Reviews

2016 Mercedes-Benz CLA-Class Introduction

The stylish Mercedes-Benz CLA is the brand’s smallest sedan, capable of seating two comfortably. The CLA250 achieves good fuel economy while the CLA45AMG delivers very quick acceleration performance. All-wheel drive is available.

Introduced as a 2014 model, the 2016 CLA250 is largely unchanged, apart from a few feature, trim, and option revisions. A new Night Package option is available, and a Dynamic Select drive mode has been added for 2016. Just 750 examples of an Orange special-edition will be offered nationwide.

With its low nose and rear end, the CLA is a brash entry into the premium small-sedan category. Overall shape is similar to the larger CLS, which Mercedes-Benz dubs a four-door coupe rather than a sedan. Inside, too, the CLA resembles a scaled-down copy of a large Mercedes-Benz model.

The CLA250 comes with a turbocharged 2.0-liter four-cylinder engine, developing 208 horsepower and 254 foot-pounds of torque. A 7-speed dual-clutch automatic transmission sends that power to the front wheels. Paddle shifters behind the steering wheel paddles engage the manual-shifting provision. Acceleration to 60 mph takes just 6.7 seconds, according to Mercedes-Benz, a quick performance.

The CLA250 offers a choice of 4MATIC all-wheel drive or standard all-wheel drive.

Also available is the expensive, low-volume CLA45 AMG, with a similar 2.0-liter powertrain that’s been strengthened and uprated in every way to generates 350 horsepower and 350 foot-pounds of torque. That’s slightly more power than what the 2015 model offered, helped by higher turbo boost, yielding 0-60 mph acceleration in 4.1 seconds, which is very quick. All-wheel drive is standard on the CLA45 AMG, and its reprogrammed transmission responds far quicker, downshifting less often than previously.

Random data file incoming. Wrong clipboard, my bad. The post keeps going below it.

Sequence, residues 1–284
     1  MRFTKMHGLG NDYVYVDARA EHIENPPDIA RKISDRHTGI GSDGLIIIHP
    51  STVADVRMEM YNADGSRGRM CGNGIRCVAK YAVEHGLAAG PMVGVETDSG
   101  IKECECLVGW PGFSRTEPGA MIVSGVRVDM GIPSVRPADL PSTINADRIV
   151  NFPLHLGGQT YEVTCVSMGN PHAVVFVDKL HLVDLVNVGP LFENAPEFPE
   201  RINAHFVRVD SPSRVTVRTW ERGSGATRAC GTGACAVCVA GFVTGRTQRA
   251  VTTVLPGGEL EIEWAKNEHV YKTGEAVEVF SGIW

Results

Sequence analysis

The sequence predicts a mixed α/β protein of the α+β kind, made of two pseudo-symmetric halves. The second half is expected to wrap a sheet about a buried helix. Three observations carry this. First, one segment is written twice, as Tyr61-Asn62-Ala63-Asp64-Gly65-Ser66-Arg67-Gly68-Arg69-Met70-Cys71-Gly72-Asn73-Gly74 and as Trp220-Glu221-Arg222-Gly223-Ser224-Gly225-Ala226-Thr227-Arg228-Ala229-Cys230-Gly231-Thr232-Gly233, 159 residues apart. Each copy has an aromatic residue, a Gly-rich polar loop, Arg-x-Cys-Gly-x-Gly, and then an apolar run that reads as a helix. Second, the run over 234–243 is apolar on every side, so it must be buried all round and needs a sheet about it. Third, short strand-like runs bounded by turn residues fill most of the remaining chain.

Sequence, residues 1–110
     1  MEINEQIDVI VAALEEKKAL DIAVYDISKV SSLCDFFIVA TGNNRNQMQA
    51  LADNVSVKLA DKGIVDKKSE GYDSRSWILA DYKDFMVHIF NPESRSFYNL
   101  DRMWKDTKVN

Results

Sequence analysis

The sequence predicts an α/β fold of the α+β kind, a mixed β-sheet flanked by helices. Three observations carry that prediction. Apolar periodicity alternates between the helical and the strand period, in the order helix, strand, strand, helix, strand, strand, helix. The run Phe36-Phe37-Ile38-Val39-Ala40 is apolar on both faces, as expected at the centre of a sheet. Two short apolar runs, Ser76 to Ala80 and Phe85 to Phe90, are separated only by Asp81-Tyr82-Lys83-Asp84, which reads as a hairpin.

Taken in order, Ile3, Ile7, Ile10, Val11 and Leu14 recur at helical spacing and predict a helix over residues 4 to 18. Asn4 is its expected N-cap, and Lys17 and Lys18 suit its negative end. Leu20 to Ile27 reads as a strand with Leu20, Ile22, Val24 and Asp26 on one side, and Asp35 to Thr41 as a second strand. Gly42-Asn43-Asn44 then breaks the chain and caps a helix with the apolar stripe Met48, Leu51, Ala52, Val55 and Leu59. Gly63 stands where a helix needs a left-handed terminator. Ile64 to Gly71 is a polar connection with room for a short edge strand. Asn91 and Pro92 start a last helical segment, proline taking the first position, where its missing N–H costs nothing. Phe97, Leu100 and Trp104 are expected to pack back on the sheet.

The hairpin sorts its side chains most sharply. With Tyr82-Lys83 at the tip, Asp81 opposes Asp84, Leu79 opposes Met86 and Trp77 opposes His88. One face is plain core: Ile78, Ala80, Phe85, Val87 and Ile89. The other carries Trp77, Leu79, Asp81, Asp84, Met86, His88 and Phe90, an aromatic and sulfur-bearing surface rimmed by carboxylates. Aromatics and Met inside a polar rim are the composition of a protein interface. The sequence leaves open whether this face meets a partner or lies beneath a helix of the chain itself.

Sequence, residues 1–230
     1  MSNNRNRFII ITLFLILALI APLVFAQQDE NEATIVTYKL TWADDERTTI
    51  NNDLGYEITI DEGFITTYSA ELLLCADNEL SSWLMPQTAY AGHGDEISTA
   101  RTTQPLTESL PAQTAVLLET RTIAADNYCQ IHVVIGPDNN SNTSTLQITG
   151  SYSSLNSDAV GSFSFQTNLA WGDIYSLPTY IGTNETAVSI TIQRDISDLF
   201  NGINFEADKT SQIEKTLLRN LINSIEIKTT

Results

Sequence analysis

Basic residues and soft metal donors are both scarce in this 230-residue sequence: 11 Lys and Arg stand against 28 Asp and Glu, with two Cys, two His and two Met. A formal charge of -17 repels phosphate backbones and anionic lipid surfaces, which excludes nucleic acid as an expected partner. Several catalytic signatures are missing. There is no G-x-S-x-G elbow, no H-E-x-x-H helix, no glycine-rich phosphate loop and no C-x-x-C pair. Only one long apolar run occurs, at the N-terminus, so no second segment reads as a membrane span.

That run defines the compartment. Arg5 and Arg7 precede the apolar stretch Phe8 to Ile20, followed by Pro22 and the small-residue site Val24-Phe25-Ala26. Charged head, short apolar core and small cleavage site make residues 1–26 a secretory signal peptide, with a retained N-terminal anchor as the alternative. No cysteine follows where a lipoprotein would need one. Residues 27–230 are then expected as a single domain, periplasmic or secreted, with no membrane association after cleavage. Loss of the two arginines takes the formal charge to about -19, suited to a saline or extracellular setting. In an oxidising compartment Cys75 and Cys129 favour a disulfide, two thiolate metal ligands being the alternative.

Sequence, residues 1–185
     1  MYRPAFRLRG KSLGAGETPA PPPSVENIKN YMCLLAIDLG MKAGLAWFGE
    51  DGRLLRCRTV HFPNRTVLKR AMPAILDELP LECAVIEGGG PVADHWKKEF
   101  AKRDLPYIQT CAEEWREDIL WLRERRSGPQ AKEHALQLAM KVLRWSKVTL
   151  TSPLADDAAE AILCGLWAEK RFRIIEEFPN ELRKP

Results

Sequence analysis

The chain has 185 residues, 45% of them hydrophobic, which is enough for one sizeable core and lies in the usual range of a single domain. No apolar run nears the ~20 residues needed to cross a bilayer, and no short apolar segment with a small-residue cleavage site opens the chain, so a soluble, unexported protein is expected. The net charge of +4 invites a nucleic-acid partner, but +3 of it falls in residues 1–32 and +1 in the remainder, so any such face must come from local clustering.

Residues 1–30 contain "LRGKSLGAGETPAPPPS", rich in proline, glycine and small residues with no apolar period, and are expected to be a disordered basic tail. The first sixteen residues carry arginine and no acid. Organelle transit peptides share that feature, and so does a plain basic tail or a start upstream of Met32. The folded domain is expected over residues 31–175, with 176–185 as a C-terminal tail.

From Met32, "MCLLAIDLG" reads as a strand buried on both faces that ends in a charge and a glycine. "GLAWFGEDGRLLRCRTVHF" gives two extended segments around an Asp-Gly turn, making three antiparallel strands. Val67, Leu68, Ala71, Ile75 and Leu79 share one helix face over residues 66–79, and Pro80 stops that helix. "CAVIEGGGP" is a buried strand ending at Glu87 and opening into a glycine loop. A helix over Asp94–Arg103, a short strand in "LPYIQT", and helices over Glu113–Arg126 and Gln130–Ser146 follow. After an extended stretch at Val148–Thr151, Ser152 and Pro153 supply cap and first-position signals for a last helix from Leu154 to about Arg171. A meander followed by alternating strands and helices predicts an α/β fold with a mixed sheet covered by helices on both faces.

Every CLA250 has a couple of safety features that aren’t typical in mainstream compact models. Collision Prevention Assist warns of obstacles ahead. Attention Assist monitors possible driver fatigue. Options include blind-spot monitoring, adaptive cruise control, lane-keeping assistance, parking sensors, and parking assist. Crash-testing has not yet taken place.

Mercedes-Benz wisely decided touchscreens are too distracting, so there’s no touch interface. Smartphones may be connected via a 5.8-inch screen and Mercedes-Benz mBrace2. Three navigation systems are available. One of them includes voice commands, real-time traffic data, and a rearview camera.

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